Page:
Coastal erosion is a natural occurrence, but is a steadily advancing threat to coastal areas because of climate change and human activities. At beaches, tides regularly sweep rocks and sand along the coast, but coastal development can interrupt the process and slowly destroy them. As climate change occurs, rocky coastlines are increasingly threatened by extreme weather such as storms and higher water marks due to warming temperatures. Coastal erosion impacts humanity and the environment in various ways.
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The most visible impact of coastal erosion is property loss. As the coastline is remapped by erosion, coastal properties are put at risk. A 2002 BBC special report gives the history of Hallsands, a coastal village that was destroyed overnight in 1917. The erosion process was accelerated by shingle dredging until a storm swept the entire village away. Modern structures are just as susceptible. As of 2010, the National Ocean and Atmospheric Administration estimates that 155 million people and over three trillion dollars of real estate in the U.S. are endangered by coastal erosion.
The tourism industry can be heavily impacted by coastal erosion. Many communities rely on revenue from summer tourism. When beaches are swept away, these communities can be financially devastated. The Florida Department of Environmental Protection reports that many Florida beaches are eroding. Usually, coastal currents drag in sand that replaces what they sweep away, but coastal development has halted the cycle in some areas. Structures that are built along the coast collect the sand that comes in with the tide, preventing currents from sweeping it to beaches down current. Over time, this has swept away large strands of beach, affecting Florida's tourism and economy.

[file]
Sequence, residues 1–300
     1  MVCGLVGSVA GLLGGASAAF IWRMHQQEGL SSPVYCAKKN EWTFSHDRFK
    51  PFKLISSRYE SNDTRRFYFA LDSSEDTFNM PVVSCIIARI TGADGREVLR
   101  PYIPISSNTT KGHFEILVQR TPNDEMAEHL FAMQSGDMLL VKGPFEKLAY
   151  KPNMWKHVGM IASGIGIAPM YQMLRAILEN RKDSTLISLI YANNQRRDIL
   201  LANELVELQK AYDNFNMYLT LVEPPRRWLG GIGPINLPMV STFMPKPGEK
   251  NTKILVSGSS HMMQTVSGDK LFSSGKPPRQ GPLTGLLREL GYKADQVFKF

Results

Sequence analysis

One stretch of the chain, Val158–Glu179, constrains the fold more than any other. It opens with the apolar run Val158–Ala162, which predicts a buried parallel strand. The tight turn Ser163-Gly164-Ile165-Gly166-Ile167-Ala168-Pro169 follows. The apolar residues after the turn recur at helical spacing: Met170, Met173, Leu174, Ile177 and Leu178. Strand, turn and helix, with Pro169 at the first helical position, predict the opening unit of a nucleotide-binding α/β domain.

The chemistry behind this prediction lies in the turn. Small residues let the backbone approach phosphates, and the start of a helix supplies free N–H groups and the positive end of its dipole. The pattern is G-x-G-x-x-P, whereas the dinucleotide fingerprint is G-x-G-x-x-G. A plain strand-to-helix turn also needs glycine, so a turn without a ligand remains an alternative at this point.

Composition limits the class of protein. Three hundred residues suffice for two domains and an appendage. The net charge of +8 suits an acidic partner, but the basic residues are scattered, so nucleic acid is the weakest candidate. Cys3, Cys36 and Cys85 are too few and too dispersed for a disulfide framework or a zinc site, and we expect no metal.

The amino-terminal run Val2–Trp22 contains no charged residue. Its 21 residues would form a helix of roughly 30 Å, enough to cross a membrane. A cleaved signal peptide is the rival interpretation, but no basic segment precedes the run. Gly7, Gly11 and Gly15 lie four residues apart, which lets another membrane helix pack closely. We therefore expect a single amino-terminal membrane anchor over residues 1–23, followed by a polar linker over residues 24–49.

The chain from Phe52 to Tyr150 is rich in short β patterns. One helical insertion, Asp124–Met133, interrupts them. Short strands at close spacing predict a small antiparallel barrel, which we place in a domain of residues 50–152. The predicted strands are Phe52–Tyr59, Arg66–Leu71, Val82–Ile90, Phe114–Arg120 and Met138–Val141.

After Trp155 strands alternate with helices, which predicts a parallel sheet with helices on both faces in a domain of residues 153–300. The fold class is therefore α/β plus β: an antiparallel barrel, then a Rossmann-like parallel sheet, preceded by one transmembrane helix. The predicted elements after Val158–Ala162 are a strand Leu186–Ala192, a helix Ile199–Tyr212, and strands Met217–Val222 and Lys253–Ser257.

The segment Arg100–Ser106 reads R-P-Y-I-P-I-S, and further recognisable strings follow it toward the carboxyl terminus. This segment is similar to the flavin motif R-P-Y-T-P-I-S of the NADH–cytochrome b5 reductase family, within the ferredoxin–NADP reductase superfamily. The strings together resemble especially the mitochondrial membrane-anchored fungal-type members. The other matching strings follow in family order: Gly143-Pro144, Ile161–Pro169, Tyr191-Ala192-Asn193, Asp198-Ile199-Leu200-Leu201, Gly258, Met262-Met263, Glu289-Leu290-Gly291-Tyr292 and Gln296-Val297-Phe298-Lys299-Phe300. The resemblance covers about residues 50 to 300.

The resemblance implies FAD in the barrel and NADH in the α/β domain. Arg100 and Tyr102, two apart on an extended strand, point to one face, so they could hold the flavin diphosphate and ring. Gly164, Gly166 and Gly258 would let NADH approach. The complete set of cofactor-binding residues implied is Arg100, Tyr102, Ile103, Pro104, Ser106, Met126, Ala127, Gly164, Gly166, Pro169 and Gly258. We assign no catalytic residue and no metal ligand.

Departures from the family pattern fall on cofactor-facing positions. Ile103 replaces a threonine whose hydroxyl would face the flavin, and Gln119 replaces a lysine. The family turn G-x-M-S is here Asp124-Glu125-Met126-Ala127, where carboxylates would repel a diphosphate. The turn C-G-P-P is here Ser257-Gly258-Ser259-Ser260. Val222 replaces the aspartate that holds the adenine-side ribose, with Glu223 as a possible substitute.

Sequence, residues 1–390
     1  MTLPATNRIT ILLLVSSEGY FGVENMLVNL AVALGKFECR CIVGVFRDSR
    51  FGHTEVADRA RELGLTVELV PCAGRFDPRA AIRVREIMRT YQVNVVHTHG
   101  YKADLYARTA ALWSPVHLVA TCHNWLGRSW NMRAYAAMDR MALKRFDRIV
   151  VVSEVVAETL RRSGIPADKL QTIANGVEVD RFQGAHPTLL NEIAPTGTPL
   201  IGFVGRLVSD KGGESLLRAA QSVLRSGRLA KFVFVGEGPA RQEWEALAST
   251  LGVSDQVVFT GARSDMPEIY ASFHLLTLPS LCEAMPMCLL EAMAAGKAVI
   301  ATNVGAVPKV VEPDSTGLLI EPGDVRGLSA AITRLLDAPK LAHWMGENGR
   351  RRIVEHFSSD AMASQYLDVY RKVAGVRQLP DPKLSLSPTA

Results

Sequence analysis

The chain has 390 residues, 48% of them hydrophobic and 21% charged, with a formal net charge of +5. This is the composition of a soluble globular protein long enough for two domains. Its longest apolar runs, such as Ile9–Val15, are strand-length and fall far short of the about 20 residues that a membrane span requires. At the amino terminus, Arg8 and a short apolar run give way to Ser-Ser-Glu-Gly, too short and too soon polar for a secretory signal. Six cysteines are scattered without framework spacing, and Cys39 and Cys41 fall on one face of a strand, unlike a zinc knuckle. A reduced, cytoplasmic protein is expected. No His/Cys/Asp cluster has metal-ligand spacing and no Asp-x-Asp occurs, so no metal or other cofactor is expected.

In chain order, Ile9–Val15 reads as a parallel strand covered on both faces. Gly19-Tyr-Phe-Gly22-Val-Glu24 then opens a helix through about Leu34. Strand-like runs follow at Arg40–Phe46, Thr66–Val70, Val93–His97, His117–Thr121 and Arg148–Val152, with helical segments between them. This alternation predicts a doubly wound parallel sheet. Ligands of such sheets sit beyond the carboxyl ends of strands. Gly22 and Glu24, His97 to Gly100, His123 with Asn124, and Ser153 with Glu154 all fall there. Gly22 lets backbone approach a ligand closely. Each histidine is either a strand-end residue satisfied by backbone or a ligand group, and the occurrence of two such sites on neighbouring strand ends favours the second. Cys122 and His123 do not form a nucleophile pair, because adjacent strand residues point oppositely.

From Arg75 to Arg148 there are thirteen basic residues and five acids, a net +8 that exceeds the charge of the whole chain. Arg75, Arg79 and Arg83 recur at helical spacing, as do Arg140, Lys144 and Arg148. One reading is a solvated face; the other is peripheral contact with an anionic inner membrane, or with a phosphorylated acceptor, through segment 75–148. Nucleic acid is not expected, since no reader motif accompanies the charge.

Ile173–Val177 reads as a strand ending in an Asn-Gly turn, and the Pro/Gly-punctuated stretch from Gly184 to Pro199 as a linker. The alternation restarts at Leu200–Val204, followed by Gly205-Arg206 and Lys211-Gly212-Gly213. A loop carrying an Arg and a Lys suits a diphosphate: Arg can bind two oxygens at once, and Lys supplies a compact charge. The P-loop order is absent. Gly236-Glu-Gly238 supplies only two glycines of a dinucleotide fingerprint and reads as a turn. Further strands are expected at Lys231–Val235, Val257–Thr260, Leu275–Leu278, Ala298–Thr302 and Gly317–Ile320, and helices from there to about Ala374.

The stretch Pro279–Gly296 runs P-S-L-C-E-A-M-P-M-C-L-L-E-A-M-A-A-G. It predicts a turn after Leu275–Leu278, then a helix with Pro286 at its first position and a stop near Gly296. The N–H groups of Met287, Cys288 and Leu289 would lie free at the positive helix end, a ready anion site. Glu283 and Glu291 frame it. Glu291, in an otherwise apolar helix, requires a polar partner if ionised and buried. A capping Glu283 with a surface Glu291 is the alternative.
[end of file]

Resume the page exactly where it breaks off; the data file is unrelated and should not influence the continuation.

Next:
Some properties that are destroyed by coastal erosion are priceless historic landmarks. The website LiveScience records a study by Benjamin Jones from the U.S. Geological Survey, which found that several Alaskan historical landmarks have been swept away or are in high danger of being destroyed. These include sites such as an abandoned Inupiaq Eskimo village; these sites are significant, culturally, and to researchers like historians and anthropologists.
Coastal erosion puts some industrial sites at risk. When industrial sites are damaged, waste can potentially leach into the environment, and lost productivity can harm the economy. For example, Bloomberg reports the oil-rich state of Alaska has seen record coastal erosion over the past several years as rising temperatures weaken the permafrost. In addition to threatening locals and cultural landmarks, this also endangers oil exploration. At risk are several test wells, which were designed to test the soils composition, not to pump oil. One test well has even been destroyed, making the industry hesitant to expand.
Coastal erosion occurs naturally, and the slow wearing away of coasts can have ecological benefits. According to NC Beaches, erosion has created inlets and feeding grounds for aquatic communities over millennia. However, unnatural processes driven by human action, including climate change, speed erosion and harm the environment. For example, the U.S. Geological Survey reports that Louisiana's coastal wetlands lose 75 square kilometres per year due to human actions like dredging and draining. This worsens as barrier islands off the Louisiana coast erode, opening wetlands to tides and the full force of coastal storms.
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- Bloomberg: Alaskan Coastal Erosion Doubles, Threatening Oil Exploration
- LiveScience: Erosion Rate Doubles on Stretch of Alaskan Coast
- Florida Department of Environmental Protection: Coastal Erosion
- U.S. Geological Survey: Louisiana Coastal Wetlands: A Resource at Risk
- BBC Inside Out: Hallsands; The Village that Collapsed Into the Sea